Kids are screaming as police officers push through the doors of Rosemount High School's Performing Arts Center. Inside, they're sprawled on the floor or crouched in the seats, taking cover as best they can. On stage, a student with a gun holds a classmate hostage, threatening to kill him if police come any closer.
It's got the drama of a movie scene, and aside from the protective clothing and paintball-style masks everybody is wearing it feels like the real thing. It's not, though. The exercise is one part of a daylong training session meant to prepare police officers for the kind of large-scale shooting incident they hope they'll never have to handle.
Police officers from Farmington and Rosemount cooperated on the training session last week at RHS. Over the course of two days, nearly every officer in each department got instruction on the right way to advance down long, open hallways or deal with a gunman who has holed up in a classroom filled with students. It's all about helping officers understand what it takes to get shooting victims to safety, and that sometimes doing so means putting themselves in harm's way.
"A big part of that is helping the officers understand the priorities of life," said Rosemount police officer Mike Dahlstrom, who led much of last week's training. "There's a scale that we train that citizens and hostages are first and second on the scale, police officers are third and suspects are fourth.
"It kind of opens the police officers' eyes that you have signed up for a job where you're putting your lives on the line for these other people."
Dahlstrom and a handful of other officers from around the county attended special training to prepare them to lead last week's sessions. Dahlstrom has also conducted training for school staff so they are prepared in emergency situations. Those teachers and other staff members are the first line of defense when it comes to saving lives, he said.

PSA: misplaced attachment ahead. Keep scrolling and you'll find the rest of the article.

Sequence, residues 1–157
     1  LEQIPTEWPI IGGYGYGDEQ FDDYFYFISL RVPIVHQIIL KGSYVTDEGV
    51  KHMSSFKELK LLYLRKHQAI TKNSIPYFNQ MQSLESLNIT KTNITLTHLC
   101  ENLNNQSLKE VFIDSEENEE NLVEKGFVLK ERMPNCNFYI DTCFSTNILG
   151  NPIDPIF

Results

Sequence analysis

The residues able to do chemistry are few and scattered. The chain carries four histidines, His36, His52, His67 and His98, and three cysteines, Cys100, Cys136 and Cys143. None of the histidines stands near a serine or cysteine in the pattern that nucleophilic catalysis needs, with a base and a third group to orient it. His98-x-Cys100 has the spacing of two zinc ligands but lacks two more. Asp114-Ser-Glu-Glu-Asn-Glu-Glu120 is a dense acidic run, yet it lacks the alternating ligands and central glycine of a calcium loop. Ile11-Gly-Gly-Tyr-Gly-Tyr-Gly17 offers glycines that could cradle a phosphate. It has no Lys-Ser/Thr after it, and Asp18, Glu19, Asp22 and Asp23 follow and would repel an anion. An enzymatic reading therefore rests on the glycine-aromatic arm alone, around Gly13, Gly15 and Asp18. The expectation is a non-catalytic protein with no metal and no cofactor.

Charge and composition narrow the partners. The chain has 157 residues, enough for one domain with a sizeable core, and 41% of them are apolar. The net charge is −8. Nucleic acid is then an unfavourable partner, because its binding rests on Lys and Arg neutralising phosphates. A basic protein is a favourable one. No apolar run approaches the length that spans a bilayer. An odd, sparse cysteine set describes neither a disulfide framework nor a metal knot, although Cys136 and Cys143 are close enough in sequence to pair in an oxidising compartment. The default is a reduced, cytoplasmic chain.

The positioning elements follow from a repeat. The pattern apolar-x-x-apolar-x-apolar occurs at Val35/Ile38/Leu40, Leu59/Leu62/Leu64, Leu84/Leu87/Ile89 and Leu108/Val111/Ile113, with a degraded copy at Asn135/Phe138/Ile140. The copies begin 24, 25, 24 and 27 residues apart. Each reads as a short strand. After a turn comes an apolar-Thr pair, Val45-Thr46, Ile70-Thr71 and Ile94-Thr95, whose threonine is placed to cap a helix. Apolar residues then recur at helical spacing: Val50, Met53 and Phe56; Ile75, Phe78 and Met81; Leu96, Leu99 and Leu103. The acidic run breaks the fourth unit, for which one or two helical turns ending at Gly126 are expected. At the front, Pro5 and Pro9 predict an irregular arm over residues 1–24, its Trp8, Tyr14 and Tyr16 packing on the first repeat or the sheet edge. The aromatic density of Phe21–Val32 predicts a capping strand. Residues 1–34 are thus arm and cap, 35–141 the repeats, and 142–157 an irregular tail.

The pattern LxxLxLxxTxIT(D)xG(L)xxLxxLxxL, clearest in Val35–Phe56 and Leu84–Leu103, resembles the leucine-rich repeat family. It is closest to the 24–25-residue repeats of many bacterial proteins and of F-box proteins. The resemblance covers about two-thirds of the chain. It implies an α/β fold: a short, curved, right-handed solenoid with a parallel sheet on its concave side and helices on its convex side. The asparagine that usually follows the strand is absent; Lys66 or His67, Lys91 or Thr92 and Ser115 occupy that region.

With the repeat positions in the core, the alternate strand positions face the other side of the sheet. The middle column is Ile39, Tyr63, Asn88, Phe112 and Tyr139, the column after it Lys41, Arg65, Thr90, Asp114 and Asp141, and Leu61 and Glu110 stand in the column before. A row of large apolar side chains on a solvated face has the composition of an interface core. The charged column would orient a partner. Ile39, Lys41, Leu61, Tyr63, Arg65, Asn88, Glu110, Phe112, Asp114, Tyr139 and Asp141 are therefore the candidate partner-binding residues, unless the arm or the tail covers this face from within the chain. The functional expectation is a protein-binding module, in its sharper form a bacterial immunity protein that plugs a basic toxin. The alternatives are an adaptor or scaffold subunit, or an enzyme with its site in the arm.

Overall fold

At last week's session police officers ran through the basics of the tactics before lunch, but the real drills started in the afternoon. Using simulated ammunition and a group of Boy Scouts and police Explorers recruited to play victims and shooters, police officers put what they'd learned into practice in situations that were as real as they could make them in a building where summer school had just gotten out of session and kids were playing games in the gym down the hall.
In between runs, Dahlstrom and the other trainers shifted the scene so officers weren't doing the same thing twice. They might enter the auditorium from the back of the room one time, from the side of the stage another. The shooter might be in a different place. Victims might react differently.
Incidents like the ones police were training for might seem unlikely in cities like Farmington or Rosemount, but every time police hear about a shooting like the one earlier this year in Newtown, Conn., or at Accent Signage in Minneapolis it drives home the need to be prepared. In 2010, a student brought a gun to Hastings Middle School but was unable to fire a shot because he'd loaded the wrong ammunition.
"It's one of rare things that may never happen in a career, but when it does you want that training," Rosemount police officer Jason Waage said.
"I think there's that fear that it could happen here," Farmington officer Bob Sauter said. "If something bad happens, it's on me."
Officers also liked the idea of training together. Being so close, if something big happens in Farmington, Rosemount officers are likely going to be there to help, and vice versa. Going through training together means they should all react the same way. It also allows them to get familiar with the buildings in each others' communities.
It's knowledge they're happy to have, even if they hope never to use it.